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"There is little man has made that approaches anything in nature, but a sailing ship does."
–Allan Villiers
"It's not the towering sails, but the unseen wind that moves a ship."
–English Proverb

Further development of sailing technology invents a new way to rig the sails of a vessel, which is able to utilize wind even more effectively than before. This puts to final rest the last rowing vessels of past ages, and brings forth the most powerful renaissance-era ship - the Frigate, which will dominate the seas well into modernity.

Civilopedia entry Edit

The first two-mast square-rigged ships appeared in the Mediterranean in the mid-14th Century AD, replacing the triangular-rigged lanteen sailing ships that had been used for the previous thousand years. Perpendicular square sails had been used on sailing ships in Northern Europe before (on cogs and longships), and the design was adopted by the Crusaders for their transports, giving more speed and maneuverability so they could get to the Holy Land quicker. In short order, the Europeans added fore and stern castles, bowsprits, crow’s nests and additional masts.

The “Age of Exploration” saw the design of the square-rigged caravel (the caravela redonda – so named for its rounded stern) by the Portuguese for their long voyages around and across the oceans. It quickly became the definitive, most common beast of burden for the explorers, the forerunner of the much-larger galleon; Magellan had an all-caravel fleet when he circumnavigated the globe in 1519. For the next three centuries, naval history was dominated by ever larger square-rigged ships, which carried Europeans to claim the Americas and Africa, plunder the wealth of the Far East, and wage war against each other.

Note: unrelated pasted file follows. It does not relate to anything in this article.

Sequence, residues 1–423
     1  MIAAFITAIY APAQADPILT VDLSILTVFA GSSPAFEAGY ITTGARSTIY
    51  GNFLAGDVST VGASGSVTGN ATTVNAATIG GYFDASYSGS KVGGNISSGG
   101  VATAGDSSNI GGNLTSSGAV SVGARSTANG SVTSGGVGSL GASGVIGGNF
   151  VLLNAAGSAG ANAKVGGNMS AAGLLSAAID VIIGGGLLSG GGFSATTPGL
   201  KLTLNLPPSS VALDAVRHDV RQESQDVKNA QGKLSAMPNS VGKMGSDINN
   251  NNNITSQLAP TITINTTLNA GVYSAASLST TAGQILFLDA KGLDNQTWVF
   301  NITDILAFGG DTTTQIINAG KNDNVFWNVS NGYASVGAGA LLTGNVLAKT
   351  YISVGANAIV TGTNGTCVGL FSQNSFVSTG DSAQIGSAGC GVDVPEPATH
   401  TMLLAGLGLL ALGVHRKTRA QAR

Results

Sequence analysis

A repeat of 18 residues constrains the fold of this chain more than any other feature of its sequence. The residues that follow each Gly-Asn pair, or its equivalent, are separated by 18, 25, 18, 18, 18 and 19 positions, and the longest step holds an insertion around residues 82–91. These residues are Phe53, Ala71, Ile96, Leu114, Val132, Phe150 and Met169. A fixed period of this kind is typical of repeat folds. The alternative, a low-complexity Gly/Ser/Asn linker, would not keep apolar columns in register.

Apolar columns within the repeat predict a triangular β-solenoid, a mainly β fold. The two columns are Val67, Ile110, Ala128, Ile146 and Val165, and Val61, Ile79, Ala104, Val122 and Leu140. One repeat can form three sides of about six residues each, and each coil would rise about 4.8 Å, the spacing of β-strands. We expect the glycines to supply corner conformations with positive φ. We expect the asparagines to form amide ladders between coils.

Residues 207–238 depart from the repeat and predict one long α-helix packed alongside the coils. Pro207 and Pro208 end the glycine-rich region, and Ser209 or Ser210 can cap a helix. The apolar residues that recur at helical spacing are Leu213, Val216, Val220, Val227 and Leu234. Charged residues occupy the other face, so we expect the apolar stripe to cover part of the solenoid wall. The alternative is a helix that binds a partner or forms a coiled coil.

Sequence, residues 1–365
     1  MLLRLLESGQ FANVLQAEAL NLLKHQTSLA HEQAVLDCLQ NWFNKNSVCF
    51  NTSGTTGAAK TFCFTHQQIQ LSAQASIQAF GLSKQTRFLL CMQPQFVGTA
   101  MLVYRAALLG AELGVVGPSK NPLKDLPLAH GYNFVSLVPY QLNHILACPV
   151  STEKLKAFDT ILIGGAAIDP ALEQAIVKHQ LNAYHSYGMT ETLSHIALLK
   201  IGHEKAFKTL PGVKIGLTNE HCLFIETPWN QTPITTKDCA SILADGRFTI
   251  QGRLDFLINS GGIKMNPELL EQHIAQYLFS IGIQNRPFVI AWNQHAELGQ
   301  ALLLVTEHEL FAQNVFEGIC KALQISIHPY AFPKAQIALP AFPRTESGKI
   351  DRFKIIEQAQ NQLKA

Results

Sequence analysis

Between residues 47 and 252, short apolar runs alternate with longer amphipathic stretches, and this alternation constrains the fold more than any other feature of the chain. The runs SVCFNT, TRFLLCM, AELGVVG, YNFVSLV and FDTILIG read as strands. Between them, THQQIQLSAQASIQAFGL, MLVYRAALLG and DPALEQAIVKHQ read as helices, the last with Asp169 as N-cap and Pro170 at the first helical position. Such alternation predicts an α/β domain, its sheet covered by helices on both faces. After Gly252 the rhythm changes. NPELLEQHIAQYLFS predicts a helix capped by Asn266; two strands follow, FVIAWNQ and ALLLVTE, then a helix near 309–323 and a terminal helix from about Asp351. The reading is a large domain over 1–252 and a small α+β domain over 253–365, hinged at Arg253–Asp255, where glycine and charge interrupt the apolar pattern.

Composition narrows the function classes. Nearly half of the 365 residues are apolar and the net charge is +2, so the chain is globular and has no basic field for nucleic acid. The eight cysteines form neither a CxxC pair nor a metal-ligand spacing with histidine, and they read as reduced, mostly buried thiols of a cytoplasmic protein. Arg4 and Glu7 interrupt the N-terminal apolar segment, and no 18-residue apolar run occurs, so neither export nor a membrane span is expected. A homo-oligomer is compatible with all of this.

The cannon-armed ships-of-the-line (from the three-deck 1st rates with over 90 guns aboard to the lowly 5th rates with only 18 guns) blasted away at each other into the Napoleonic wars and beyond. Frigates and barques chased enemy merchants. Speedy square-rigged blockade runners slipped past Yankee warships during the American Civil War. Towering clipper ships plied the Pacific and square-rigged American whalers hunted those beasts to near extinction.

But the romance of the Age of Sail was coming to an end. In 1821 the first iron steamship, the British-built 116-ton Aaron Manby (with no lack of hubris, named after her builder) went to sea. Although sailing ships were cheaper to build and operate, and early iron steam engines were notoriously unreliable (so most carried masts and sails), the end of the square-rigged ship was on the horizon, reduced to being a rich man’s yacht in less than a century.